Brazil: Black Sigatoka costs remain high
The disease first appeared in Brazil in 1998 in the state of Amazonas near the border with Colombia and Peru. It is now present across several Brazilian states in the north, midwest, south and southeast.
Brazil has worked to develop and plant banana varieties resistant to Black Sigatoka. In certain parts of Brazil, however, the disease remains the greatest threat to banana production.
The Ribeira Valley accounts for 70% of Sao Paulo's banana production, according to Globo.com. One producer from the area told the publication that from November and March, growers must sell their fruit at prices below production cost.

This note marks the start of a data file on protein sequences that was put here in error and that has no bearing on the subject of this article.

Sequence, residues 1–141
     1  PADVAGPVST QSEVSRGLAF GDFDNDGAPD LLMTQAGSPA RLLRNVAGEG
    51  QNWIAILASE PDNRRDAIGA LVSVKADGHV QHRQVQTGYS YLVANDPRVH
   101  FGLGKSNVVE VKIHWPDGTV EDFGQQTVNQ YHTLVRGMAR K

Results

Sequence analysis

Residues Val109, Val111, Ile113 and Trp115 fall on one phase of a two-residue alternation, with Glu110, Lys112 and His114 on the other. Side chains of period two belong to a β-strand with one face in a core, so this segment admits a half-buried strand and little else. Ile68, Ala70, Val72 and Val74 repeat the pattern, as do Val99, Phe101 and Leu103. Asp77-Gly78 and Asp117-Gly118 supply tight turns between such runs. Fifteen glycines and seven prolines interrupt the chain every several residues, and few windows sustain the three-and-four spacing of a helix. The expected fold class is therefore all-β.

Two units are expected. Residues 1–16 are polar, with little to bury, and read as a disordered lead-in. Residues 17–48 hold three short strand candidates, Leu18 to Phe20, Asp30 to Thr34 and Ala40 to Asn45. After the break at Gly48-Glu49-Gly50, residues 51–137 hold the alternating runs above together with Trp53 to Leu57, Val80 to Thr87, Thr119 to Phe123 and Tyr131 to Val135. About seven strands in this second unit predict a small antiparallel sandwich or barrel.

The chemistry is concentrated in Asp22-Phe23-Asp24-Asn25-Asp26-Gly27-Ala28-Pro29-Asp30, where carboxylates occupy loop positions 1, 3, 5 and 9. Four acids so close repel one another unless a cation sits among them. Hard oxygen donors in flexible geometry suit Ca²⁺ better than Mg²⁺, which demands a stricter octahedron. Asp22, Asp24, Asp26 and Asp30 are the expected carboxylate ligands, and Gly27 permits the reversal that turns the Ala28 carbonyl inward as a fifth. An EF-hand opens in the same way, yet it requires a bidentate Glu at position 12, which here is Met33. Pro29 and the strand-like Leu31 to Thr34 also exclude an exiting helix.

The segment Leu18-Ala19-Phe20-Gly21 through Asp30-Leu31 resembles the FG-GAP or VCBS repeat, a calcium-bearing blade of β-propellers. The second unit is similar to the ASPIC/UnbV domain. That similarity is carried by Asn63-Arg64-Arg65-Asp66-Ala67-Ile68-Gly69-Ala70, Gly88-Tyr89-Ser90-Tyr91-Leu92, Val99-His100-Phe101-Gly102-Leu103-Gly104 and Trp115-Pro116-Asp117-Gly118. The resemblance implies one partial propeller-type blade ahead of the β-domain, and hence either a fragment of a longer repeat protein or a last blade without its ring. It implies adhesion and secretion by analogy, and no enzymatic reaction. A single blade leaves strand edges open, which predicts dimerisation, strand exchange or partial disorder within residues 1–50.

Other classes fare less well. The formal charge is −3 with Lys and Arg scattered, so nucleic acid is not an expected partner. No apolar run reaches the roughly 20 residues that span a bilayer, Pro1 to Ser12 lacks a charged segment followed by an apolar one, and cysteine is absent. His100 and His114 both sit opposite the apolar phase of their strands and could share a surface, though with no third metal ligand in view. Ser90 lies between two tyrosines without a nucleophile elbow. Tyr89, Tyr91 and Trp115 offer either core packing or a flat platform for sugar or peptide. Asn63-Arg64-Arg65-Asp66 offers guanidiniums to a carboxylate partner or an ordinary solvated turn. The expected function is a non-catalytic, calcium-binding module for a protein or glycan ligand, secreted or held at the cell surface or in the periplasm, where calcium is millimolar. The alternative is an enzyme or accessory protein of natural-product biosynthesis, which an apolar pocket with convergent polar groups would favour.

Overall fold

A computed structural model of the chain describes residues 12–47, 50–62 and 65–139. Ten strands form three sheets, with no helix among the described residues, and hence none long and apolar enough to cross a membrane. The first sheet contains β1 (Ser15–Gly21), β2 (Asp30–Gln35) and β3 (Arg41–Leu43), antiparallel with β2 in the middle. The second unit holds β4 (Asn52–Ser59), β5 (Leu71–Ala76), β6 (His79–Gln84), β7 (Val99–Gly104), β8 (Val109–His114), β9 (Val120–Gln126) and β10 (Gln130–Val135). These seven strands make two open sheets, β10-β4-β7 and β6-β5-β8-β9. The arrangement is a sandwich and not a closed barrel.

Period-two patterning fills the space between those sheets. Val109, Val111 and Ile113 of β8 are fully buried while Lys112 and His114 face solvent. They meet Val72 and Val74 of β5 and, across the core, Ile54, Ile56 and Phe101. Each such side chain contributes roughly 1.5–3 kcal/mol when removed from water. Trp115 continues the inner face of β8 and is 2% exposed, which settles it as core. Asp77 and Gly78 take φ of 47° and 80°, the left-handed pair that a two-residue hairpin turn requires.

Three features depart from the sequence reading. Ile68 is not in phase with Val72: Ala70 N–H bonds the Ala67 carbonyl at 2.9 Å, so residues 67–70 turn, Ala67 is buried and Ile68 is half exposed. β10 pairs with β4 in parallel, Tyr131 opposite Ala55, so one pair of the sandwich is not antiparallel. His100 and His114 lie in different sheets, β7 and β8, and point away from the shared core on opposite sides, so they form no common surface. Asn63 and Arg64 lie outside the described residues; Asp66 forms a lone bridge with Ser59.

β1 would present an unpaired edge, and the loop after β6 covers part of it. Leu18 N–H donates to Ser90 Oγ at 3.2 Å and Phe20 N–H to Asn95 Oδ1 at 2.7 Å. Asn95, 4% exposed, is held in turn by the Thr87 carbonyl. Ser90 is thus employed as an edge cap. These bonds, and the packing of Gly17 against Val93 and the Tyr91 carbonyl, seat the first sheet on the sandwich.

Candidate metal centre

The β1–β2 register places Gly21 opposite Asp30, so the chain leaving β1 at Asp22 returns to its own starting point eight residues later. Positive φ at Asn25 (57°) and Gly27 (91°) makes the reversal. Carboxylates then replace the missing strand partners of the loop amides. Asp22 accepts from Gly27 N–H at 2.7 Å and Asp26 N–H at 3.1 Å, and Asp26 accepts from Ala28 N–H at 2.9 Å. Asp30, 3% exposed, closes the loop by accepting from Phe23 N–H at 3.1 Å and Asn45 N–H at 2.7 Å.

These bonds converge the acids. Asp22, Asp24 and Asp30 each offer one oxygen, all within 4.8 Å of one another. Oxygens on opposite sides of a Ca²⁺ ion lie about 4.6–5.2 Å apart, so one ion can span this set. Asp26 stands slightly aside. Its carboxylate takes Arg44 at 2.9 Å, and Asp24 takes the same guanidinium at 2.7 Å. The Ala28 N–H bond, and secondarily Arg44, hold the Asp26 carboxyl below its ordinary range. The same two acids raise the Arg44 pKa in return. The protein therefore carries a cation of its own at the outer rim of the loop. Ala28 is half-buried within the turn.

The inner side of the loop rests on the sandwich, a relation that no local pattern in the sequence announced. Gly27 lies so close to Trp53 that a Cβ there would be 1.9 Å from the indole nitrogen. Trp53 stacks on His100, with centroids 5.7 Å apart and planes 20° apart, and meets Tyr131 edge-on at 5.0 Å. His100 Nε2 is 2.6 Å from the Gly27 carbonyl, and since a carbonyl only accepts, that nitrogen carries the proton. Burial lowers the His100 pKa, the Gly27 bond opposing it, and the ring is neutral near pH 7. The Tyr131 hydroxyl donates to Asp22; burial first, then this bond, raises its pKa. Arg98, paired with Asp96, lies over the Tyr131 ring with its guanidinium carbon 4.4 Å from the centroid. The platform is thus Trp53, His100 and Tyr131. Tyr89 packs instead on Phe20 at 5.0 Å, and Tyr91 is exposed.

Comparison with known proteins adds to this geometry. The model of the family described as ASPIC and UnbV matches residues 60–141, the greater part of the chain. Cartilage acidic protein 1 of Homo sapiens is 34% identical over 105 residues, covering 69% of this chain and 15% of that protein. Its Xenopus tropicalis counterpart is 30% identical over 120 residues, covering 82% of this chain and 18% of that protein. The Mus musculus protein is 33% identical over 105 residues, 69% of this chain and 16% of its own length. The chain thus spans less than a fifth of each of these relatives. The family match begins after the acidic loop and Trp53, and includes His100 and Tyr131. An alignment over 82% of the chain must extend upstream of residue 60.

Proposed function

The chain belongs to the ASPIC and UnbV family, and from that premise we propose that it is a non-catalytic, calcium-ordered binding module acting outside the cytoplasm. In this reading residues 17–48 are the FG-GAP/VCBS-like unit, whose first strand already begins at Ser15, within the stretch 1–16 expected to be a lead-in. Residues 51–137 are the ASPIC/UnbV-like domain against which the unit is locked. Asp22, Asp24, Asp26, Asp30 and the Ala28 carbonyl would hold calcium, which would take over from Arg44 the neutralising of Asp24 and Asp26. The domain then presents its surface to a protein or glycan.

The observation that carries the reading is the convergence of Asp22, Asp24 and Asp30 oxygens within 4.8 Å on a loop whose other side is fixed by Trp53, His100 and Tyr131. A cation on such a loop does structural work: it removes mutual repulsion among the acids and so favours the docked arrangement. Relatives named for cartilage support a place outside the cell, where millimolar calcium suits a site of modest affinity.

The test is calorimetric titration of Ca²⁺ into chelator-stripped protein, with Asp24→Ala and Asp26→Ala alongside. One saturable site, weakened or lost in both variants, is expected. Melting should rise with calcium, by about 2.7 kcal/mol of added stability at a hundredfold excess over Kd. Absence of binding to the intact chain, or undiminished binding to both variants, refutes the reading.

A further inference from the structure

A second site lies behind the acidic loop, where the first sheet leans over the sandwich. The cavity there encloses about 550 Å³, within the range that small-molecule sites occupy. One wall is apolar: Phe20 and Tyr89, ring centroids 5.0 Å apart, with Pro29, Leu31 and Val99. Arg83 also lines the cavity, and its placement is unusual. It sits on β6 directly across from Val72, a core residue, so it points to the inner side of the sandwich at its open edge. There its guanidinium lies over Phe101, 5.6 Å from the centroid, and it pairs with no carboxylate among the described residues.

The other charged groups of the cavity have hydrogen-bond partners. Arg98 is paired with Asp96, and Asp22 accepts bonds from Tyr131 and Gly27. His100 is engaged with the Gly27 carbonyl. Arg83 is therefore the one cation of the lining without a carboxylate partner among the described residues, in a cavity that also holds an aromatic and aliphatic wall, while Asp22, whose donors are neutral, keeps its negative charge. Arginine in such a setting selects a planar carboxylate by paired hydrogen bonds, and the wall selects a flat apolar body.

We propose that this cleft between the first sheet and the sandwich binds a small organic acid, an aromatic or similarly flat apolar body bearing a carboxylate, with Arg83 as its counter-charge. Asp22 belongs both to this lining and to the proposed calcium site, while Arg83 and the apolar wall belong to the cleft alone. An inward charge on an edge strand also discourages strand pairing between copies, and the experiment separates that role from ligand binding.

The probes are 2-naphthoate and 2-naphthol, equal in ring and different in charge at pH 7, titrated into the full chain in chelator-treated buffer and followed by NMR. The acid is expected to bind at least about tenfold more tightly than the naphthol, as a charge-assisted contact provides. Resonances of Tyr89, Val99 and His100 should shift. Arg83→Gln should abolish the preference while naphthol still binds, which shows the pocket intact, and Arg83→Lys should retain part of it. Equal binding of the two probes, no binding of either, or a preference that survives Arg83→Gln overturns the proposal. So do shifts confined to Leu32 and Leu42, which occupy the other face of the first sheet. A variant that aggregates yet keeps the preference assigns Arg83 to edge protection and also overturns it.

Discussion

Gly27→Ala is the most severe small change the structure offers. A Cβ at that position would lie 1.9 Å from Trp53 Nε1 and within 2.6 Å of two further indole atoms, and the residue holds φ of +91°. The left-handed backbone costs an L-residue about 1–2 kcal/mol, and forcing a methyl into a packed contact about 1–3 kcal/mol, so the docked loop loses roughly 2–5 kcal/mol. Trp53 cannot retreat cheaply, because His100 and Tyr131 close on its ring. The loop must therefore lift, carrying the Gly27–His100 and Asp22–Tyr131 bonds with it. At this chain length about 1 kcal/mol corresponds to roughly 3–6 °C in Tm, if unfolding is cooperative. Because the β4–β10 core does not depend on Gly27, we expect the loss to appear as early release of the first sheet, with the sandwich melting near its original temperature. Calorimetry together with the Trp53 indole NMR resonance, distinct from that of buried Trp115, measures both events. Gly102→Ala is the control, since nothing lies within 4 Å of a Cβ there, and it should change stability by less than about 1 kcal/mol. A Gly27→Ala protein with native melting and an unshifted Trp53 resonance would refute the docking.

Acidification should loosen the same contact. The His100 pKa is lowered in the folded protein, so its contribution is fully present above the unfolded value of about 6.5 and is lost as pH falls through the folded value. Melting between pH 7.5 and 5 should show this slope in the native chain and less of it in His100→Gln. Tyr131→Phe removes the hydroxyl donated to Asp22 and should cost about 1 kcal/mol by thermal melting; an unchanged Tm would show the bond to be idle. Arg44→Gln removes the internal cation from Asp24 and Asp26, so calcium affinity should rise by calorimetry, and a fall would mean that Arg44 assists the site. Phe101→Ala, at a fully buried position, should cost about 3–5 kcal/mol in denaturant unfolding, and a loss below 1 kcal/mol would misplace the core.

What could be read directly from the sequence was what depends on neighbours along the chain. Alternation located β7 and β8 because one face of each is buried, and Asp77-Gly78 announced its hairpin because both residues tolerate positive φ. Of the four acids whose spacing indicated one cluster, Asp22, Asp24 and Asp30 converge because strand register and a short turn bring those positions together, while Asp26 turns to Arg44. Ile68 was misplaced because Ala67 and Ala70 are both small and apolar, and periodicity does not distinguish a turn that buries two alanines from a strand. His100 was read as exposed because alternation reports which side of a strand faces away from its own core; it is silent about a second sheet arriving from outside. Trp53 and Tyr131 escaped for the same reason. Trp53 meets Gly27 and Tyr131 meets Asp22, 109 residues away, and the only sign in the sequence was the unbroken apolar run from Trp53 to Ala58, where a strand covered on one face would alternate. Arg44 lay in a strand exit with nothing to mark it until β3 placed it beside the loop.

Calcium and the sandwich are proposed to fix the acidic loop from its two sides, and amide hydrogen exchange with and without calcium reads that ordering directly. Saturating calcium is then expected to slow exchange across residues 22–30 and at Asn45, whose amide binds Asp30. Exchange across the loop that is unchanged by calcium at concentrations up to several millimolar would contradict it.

To ward off the disease, producers tend to spray their crops aerially every 45 days. Without better investment in disease prevention, management costs have become difficult to maintain.
Recent cold weather has also hurt production in the area and damaged fruit appearance.
A kilo of plantains from the valley currently sell for R$0.71 (US$0.31). The Prata banana is selling for R$1.23 (US$0.54). The prices are the same as last season, according to Globo.com.